Is the Parliamentary Secretary in favour of any extension of direct income aid beyond the rather narrow range already agreed? In view of the concern expressed in the House yesterday about agriculture and its effects on the environment, was any consideration give in the EEC towards helping small farmers who practise in an environmentally friendly fashion?
The environment that people see from their cars and love so much is the environment created by farmers. We have other ways of helping farmers and of restraining production. We have the less-favoured areas scheme, which sustains farmers throughout the United Kingdom, especially in Wales, the spine of England and Scotland. We have set-aside, environmentally sensitive areas and various grants for environmental measures. I do not think that the direct income aid proposed by the Europeans is relevant to the United Kingdom.
In considering the level of national top-up on the suckler cow premium, will my hon. Friend bear in mind its importance in encouraging the economies in the upland areas? Will he also bear in mind that that support goes directly to the primary producer, and that any encouragement to suckler beef producers is a direct encouragement of quality beef, which is important to the consumer?
I agree entirely that quality is of direct importance to the consumer. I know that, before he became a Member, my hon. Friend was directly involved with these matters. I have heard what he and the whole House have said about the level of top-up. As I have said, a statement will be made at another time.
Did the Minister say that as yet there has been no estimate of the net effect on farm income of the changes to the beef regime? If so, and if an estimate is prepared that shows a severe effect on specialist beef producers, will the Government consider giving assistance to people who are hard hit by these changes? Is it not ironic that the changes in the beef regime have been pursued to restrict intervention buying which at present is not a major factor in the Scottish beef market?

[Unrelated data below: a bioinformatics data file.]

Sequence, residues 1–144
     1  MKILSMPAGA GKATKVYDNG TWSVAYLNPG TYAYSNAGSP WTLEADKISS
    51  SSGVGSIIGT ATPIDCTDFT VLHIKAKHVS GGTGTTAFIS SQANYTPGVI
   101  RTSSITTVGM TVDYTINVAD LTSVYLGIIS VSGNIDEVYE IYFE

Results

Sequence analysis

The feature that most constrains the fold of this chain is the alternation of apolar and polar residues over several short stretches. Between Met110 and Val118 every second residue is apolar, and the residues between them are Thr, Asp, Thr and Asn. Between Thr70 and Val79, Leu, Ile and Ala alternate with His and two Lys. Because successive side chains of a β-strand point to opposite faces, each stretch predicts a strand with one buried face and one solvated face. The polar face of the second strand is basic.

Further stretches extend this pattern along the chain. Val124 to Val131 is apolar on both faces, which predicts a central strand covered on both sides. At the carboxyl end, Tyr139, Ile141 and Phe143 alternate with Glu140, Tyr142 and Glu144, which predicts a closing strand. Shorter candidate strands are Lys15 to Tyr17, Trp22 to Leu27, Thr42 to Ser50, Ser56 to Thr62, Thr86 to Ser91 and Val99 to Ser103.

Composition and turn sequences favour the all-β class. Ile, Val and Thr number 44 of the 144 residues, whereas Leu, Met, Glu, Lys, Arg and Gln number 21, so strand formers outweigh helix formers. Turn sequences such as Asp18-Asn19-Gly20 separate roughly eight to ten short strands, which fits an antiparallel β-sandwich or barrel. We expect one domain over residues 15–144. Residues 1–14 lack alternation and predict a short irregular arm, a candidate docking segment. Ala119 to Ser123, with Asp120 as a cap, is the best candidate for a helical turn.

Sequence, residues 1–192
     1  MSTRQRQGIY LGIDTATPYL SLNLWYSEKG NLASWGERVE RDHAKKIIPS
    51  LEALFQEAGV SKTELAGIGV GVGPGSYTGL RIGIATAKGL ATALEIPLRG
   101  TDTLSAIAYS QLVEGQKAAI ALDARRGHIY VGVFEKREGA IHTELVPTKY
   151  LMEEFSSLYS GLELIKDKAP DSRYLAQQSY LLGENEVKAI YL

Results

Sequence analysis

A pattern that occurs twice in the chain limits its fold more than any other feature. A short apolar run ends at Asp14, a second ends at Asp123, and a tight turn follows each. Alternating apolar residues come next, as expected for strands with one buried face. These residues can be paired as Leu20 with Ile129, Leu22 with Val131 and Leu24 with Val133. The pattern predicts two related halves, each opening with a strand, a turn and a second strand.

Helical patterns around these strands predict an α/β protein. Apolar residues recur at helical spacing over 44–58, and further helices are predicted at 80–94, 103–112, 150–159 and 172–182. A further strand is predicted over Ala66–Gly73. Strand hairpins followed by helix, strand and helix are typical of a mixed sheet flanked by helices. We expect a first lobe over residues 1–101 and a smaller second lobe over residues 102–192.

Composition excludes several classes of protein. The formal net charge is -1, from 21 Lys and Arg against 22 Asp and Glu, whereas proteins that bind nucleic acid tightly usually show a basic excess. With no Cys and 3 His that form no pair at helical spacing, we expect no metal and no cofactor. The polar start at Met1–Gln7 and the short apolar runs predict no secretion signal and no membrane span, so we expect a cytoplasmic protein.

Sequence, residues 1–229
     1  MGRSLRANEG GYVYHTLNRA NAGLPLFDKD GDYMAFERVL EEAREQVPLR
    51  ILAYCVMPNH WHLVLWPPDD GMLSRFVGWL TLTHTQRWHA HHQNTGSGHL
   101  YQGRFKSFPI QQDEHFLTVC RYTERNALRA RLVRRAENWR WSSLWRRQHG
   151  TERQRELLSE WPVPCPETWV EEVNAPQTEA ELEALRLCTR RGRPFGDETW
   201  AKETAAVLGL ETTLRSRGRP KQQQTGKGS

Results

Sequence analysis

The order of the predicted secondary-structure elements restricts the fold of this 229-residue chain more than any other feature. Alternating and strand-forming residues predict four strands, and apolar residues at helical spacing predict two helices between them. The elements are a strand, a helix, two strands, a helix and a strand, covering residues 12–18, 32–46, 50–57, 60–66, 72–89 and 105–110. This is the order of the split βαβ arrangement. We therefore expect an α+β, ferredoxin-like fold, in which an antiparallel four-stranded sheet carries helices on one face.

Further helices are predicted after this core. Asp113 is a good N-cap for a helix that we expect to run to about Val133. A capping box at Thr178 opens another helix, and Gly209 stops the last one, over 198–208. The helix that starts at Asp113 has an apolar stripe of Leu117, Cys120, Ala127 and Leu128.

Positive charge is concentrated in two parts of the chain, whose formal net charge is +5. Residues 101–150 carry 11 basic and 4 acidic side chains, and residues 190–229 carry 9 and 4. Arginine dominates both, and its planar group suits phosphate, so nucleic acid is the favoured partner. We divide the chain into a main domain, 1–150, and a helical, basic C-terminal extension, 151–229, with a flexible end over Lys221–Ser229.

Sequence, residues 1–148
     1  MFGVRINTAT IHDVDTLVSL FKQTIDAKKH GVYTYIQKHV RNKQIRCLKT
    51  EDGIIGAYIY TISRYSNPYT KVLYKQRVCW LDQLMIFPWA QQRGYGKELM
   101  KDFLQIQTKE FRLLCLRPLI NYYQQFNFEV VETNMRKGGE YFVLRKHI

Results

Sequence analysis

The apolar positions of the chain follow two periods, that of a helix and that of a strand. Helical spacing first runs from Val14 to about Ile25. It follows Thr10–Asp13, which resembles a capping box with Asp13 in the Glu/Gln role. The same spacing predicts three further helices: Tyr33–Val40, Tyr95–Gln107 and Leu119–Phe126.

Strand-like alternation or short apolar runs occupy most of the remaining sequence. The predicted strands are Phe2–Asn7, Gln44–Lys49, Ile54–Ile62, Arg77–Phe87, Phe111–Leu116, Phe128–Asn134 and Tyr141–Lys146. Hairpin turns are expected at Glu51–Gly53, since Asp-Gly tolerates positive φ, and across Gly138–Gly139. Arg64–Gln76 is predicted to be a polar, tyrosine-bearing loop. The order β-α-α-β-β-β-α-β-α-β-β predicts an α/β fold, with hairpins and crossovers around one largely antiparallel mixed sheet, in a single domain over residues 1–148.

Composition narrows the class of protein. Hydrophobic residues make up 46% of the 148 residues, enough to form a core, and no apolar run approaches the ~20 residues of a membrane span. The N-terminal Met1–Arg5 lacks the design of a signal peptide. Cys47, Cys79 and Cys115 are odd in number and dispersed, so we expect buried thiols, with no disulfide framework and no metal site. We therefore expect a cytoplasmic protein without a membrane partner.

Intervention buying has not been a significant factor throughout the United Kingdom. We wanted to make sure that intervention buying became a safety net rather than just another too-ready market for the producers or end users of beef. We think that these regulations which have been brought up to date and altered and have an intervention ceiling of 220,000 tonnes and a safety net at 80 per cent. together with other measures, will help.
Is my hon. Friend aware of the appreciation in the farming industry, and especially in the beef sector, that he and his right hon. Friend were playing with a weak hand? Can he confirm that the cessation of the variable premium scheme should eliminate distortion in the market caused by the Irish element of beef production? Does he agree that the industry will be looking for a sum at least equal to the funds that come free from the Treasury input to the beef variable premium scheme to be put to the suckler cow premium as a national top-up so as to sustain their confidence and the vital industry of the upland areas?